Corn futures continued struggling against short-term resistance. Corn futures surged in response to very good export news last Friday, but failed at short-term moving-average resistance. Futures initially reacted rather well to the strong result on the weekly USDA Export Inspections report this morning, but bulls couldn’t sustain gains. Traders apparently worry about a follow-through to the downside. March corn settled 2.75 cents lower at $3.84/bushel Monday afternoon, while July lost 2.75 to $4.00.
The Export Inspections report boosted soybeans and meal. Brazil is set to harvest another record soybean crop, which will very likely be supplemented by large Argentine supplies. However, the USDA’s Export Inspections report indicated very strong movement last week, thereby powering a bounce in bean and meal futures. Weekend palm oil losses clearly weighed on soyoil quotes. March soybean futures gained 10.75 cents to $9.835/bushel in late Monday trading, while March soyoil dropped 0.52 to 31.08 cents/pound, and March meal ran up $7.4 to $338.9/ton.
The wheat markets turned lower Monday. The global wheat markets seem likely to remain very well supplied during the coming months, which is giving prices a persistent undertone. Worries about the Russia-Ukraine situation have recently supported quotes, but traders seemed to lift those long hedges this morning. The Export Inspections report proved rather poor. When combined with talk of improved southern Plains moisture conditions, those factors depressed wheat values. March CBOT wheat sank 9.5 cents to $5.205/bushel as the lunch hour loomed Monday, while March KC wheat dropped 9.5 cents to $5.545/bushel, and March MWE wheat sank 7.0 to $5.69.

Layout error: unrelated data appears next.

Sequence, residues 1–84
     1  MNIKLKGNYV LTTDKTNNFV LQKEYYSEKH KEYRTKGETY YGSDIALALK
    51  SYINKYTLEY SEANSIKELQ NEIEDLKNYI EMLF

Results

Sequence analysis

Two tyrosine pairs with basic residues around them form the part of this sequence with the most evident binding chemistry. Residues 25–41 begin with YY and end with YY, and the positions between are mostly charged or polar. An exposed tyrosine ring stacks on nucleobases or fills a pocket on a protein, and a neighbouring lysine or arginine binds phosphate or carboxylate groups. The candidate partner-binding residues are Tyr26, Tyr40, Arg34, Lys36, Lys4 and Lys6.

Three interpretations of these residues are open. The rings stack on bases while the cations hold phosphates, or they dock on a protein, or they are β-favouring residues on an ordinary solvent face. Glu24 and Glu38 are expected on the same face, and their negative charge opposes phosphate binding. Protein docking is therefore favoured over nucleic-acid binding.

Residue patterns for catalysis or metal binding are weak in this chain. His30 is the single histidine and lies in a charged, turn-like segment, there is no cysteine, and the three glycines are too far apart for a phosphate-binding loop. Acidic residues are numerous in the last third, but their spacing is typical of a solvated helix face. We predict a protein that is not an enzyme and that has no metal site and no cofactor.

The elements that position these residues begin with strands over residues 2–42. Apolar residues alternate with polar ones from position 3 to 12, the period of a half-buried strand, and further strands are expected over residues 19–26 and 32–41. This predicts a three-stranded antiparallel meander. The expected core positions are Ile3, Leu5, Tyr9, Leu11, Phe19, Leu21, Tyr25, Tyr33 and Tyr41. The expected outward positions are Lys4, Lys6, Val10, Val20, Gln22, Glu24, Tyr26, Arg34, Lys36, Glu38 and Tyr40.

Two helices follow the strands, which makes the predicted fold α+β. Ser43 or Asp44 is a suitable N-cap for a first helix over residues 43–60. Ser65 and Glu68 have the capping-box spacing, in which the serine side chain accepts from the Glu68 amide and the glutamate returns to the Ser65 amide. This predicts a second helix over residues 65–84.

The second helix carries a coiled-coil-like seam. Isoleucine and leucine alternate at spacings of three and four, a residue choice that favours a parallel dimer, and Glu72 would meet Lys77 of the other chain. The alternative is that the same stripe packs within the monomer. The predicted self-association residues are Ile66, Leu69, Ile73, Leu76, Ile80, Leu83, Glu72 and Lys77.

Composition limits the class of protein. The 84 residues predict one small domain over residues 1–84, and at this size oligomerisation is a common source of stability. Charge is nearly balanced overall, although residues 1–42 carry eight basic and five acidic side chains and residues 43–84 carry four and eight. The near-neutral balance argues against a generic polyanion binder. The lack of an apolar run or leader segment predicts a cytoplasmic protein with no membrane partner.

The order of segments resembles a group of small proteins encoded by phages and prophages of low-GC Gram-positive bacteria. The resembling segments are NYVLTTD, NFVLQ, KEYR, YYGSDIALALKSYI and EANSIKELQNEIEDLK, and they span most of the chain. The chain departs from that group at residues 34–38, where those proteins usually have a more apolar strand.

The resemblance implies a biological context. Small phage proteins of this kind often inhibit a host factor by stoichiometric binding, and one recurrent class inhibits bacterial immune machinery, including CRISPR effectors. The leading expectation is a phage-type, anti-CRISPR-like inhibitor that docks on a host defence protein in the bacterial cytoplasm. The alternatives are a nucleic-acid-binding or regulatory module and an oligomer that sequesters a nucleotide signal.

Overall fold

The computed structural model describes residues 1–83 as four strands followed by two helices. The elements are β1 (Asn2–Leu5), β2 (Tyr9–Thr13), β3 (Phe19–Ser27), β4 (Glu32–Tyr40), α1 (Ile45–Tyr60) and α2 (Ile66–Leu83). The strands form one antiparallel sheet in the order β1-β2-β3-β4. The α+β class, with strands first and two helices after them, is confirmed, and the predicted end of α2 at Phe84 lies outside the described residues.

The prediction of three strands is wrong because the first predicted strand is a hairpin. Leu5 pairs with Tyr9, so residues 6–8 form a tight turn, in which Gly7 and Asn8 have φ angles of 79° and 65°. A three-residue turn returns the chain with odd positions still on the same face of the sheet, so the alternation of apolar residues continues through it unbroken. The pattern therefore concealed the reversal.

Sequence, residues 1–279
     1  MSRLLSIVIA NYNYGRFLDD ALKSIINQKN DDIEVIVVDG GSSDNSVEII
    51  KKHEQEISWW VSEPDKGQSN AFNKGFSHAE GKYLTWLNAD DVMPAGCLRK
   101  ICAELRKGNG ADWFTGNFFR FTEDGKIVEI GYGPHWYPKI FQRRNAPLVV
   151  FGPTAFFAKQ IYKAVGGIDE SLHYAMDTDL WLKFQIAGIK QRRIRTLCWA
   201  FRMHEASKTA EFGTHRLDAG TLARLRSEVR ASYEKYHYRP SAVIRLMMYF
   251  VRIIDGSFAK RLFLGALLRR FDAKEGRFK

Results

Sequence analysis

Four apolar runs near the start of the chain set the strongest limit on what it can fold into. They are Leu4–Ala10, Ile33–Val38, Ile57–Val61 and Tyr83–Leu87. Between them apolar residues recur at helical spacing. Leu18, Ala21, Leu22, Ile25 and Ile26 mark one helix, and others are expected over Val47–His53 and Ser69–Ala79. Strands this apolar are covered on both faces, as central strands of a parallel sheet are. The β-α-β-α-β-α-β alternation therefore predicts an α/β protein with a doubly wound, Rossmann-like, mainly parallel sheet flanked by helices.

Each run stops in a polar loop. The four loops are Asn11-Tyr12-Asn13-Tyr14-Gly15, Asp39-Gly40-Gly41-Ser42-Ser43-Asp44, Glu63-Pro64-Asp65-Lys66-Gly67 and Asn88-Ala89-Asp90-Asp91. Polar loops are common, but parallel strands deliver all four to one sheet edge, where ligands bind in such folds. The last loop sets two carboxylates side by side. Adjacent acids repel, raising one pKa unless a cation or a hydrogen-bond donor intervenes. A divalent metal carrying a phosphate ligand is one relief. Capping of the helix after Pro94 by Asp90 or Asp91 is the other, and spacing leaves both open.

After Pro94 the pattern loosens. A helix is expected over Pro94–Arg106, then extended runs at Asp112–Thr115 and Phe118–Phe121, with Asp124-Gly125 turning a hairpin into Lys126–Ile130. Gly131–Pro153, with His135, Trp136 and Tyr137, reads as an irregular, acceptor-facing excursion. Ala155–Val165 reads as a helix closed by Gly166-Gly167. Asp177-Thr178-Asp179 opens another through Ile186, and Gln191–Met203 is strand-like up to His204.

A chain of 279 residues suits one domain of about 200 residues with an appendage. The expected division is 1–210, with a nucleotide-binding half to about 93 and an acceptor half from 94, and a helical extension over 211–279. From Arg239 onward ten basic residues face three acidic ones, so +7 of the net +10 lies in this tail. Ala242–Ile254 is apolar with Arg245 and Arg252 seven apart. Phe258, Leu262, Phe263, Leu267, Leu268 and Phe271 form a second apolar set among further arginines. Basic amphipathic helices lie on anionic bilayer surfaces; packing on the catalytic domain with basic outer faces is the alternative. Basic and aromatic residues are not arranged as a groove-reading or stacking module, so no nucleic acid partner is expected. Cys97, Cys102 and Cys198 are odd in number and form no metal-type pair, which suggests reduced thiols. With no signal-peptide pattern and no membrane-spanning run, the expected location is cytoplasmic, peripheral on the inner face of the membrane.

Cattle futures came back from early lows. Although last Friday’s monthly Cattle on Feed report looked modestly bullish, cattle futures dove on today’s opening. That probably reflected Friday’s big wholesale losses and industry worries about more of the same during the days ahead. However, futures staged an impressive bounce from the early lows, which reportedly reflected widespread short-covering. February live cattle futures closed down 0.52 cents at 149.82 cents/pound Monday, while April cattle fell 0.80 cents to 148.00. January feeder cattle futures plunged 2.05 cents to 211.65, and March feeders dove 1.85 to 199.97.
CME hogs posted a sharp Monday rebound. The cash hog and pork markets posted modest losses last Friday, but those looked quite minimal when compared to huge futures losses posted late last week. Traders may also think last week’s huge kill cleaned up the supply of animals available in the short run, thereby sparking today’s bounce. Midsession pork strength likely encouraged bulls as well. February hog futures ended Monday having jumped 1.52 cents to 70.82 cents/pound, while June hogs leapt 2.07 cents to 82.20.
Today’s cotton rally was impressive. No news pertinent to cotton prices emerged over the weekend, so it would have been easy to anticipate a follow-through to last Friday’s slide, particularly with equity index futures declining and the U.S. dollar rising Sunday night. The dollar did weaken this morning, but that hardly explained the early fiber advance. Wire service sources cited active short-covering for the impressive advance. March cotton futures surged 1.32 cents to 58.62 cents/pound shortly at Monday’s ICE close, while the July contract climbed 1.19 to 60.30.